Father Garza had served as the Legion’s vicar general since 1992. He remains a consultor to the Vatican’s Congregation for the Clergy; he was appointed to that five-year position by Pope Benedict XVI in 2008.

As vicar general of a once pre-eminent order that now faces demands for radical reform, Father Garza has managed the considerable logistical and personnel challenges generated by the scandal’s impact on the Legion and Regnum Christi.
Globally, there are 3 bishops among approximately 3,300 Legionaries, including priests, Religious and novices (brothers). In a statistical report for the Holy See, the Legion confirmed that in the years 2009 and 2010, a total of 42 Legionary priests left the congregation.

“The great majority of them are currently exercising their priestly ministry in a diocese while the canonical process is underway for their definitive incardination in the diocesan clergy,” confirmed Jim Fair, the order’s U.S. spokesman.

In a published statement, Father Garza acknowledged that it had been difficult to meet with grieving Legionaries and Regnum Christi members to console them after an investigation confirmed the allegations against the founder, who was also found to have fathered at least two children and kept several mistresses.

“Sharing shattering news with my fellow priests in the Legion and the consecrated members has been a dreadful experience,” he said. “We are all sad for the people who have suffered with all this and wish that with our penance and actions we could somehow repair the damage that has been done.”

Father Corcuera stressed the Legion will continue “to consolidate our communities and apostolates in such a way that the religious and consecrated members, under the care of the superiors and directors, have all the support they need.”

There is considerable anxiety regarding the order’s ability to stem the flow of departures by its priests and secure its finances.

Cardinal De Paolis noted in his recent speech to members of the Legion: “While it is true that in 2010 the institute suffered its greatest losses, it is also true that the exodus has been contained with regard to priests.”

But the cardinal criticized “the negative influence exercised by some companions who, upon entering the process of renewal, have adopted an absolutely critical attitude towards the path of renewal.”

“From the beginning, a group of members have joined together and been described, by whom I don’t know, as ‘dissidents,’” the cardinal continued.

Father Gill challenged the cardinal’s criticism of “dissenters.”

“In an earlier statement, the cardinal said the seminarians were leaving because their parents were unduly influenced by media reports. Now he appears to be saying seminarians are leaving because of dissenting voices. That is unfair and doesn’t even take into account they would make decisions because of their conscience,” said Father Gill.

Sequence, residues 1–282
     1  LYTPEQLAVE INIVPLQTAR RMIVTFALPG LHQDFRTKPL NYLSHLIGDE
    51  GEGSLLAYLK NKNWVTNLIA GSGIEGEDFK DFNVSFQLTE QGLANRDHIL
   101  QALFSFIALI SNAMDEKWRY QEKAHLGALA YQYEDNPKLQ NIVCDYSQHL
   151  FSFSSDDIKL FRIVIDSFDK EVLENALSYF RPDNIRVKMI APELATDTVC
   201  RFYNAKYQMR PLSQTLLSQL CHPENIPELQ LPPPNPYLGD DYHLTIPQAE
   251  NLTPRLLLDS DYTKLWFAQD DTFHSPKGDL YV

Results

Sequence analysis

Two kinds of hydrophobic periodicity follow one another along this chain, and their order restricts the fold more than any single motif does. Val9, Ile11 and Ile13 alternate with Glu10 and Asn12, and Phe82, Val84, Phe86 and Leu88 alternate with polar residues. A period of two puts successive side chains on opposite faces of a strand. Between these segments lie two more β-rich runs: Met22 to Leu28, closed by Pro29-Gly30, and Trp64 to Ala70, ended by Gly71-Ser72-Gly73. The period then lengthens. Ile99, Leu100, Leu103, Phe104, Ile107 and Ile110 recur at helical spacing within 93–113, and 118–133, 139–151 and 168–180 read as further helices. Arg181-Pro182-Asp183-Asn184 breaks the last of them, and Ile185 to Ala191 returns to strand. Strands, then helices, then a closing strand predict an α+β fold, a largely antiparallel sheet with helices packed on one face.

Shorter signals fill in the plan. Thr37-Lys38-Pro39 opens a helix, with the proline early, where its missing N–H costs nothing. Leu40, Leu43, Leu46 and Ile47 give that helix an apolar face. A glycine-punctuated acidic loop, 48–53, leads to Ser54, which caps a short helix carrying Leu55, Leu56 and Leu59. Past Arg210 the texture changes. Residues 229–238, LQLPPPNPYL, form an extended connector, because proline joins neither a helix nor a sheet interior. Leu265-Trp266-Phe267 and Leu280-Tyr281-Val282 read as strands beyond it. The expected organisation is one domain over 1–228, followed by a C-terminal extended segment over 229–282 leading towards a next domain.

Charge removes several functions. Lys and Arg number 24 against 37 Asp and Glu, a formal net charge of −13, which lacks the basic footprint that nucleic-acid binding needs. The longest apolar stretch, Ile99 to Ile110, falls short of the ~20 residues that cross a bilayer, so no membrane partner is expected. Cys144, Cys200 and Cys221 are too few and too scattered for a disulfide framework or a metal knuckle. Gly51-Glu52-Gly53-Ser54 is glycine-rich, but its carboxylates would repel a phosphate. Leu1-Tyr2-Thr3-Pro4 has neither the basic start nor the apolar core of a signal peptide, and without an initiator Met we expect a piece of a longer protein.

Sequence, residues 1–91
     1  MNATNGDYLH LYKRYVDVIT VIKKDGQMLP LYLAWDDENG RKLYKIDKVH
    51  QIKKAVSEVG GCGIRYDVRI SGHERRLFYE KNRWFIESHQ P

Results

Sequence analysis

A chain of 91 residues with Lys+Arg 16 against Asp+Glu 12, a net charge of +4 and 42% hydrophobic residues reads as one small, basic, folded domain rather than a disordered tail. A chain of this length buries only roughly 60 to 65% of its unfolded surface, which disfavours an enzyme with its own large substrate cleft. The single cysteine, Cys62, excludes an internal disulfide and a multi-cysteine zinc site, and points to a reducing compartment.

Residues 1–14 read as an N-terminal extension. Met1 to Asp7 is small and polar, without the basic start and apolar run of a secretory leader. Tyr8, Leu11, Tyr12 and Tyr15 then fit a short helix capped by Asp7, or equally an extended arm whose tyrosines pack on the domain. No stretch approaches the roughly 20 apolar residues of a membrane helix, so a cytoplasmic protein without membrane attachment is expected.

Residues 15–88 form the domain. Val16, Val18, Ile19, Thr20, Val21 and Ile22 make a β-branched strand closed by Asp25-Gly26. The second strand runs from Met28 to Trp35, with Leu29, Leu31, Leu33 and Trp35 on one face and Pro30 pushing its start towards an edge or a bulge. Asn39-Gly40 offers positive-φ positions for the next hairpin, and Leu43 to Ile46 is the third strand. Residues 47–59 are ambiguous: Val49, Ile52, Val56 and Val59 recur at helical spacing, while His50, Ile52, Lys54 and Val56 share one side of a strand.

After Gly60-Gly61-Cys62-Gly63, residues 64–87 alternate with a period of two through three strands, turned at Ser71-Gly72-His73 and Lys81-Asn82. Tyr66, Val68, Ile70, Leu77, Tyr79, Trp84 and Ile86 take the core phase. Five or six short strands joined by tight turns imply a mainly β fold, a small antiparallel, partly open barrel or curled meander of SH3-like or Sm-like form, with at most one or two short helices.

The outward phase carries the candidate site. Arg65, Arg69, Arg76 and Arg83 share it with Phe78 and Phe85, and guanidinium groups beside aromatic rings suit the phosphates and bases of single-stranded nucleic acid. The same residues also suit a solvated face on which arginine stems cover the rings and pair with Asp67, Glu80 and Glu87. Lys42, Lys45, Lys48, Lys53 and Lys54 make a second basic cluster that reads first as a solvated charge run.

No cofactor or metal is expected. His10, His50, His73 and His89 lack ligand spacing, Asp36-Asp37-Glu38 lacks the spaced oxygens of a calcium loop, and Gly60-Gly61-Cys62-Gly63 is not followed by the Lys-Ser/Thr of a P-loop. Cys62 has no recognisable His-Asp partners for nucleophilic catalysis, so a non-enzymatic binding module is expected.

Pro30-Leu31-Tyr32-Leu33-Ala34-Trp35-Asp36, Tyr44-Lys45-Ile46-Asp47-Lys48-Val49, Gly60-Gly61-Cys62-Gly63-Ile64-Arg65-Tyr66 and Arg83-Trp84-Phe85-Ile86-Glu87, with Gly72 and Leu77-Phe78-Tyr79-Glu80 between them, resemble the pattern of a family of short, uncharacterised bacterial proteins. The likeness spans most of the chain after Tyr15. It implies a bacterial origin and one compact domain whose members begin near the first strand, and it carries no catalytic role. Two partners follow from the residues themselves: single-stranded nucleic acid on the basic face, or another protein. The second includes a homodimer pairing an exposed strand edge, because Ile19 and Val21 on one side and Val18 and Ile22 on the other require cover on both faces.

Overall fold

The cardinal, he charged, “has botched any possibility of an investigation on how Father Maciel got away with this for so long and any possibility of holding [accountable] anyone who may have been complicit.”

Still, Keogh insists that he, like many other Legionary priests, never saw criminal behavior, though he did take note of some surprising behavior — such as the founder’s absence at daily Mass.

Keogh also remembers how the young Luis Garza finished high school at 16 and came from a wealthy family of entrepreneurs that continued to back the Legion over the decades, entrusting children and treasure to support the rapidly expanding religious order.

Today, members of Father Garza’s extended family are reportedly divided over their loyalties to the Legion.

The announcement posted on the Legion’s website did not address the order’s standing in Mexico, where Father Maciel first recruited boys and young men, including those who would later accuse him of sexual abuse. Critics allege that the first generation of young recruits, some of whom remain in senior positions — though not in the top leadership — were most likely to have witnessed the abuse and remained silent.

At present, no individuals within the order have been publicly singled out for blame by Church authorities. However, last year, on May 1, 2010, the Holy See issued a strong statement following the conclusion of an apostolic investigation into the Legion scandal.

“The apostolic visitation was able to ascertain that the behavior of Father Marcial Maciel Degollado has caused serious consequences in the life and structure of the Legion, so much so, to require a journey of profound re-evaluation. The serious and objectively immoral behavior of Fr. Maciel, supported by incontrovertible evidence, at times constitutes real crimes, and manifests a life devoid of scruples and of genuine religious feeling. The large majority of Legionaries were unaware of that life, particularly because of the system of relations created by Father Maciel, who had skillfully managed to build up an alibi, to gain the trust, confidence and surrounding silence and strengthen his role as a charismatic founder,” read one segment of the Holy See’s statement.

“At times, one could think that God has abandoned us. It seems like we are undergoing a long, very long Holy Saturday,” said Father Garza, in the recent published statement. “We are all waiting for the Resurrection, the moment when we can live our charism peacefully with the Church’s blessing, serving people and building the Church.”

Register senior editor Joan Frawley Desmond writes from Chevy Chase, Maryland.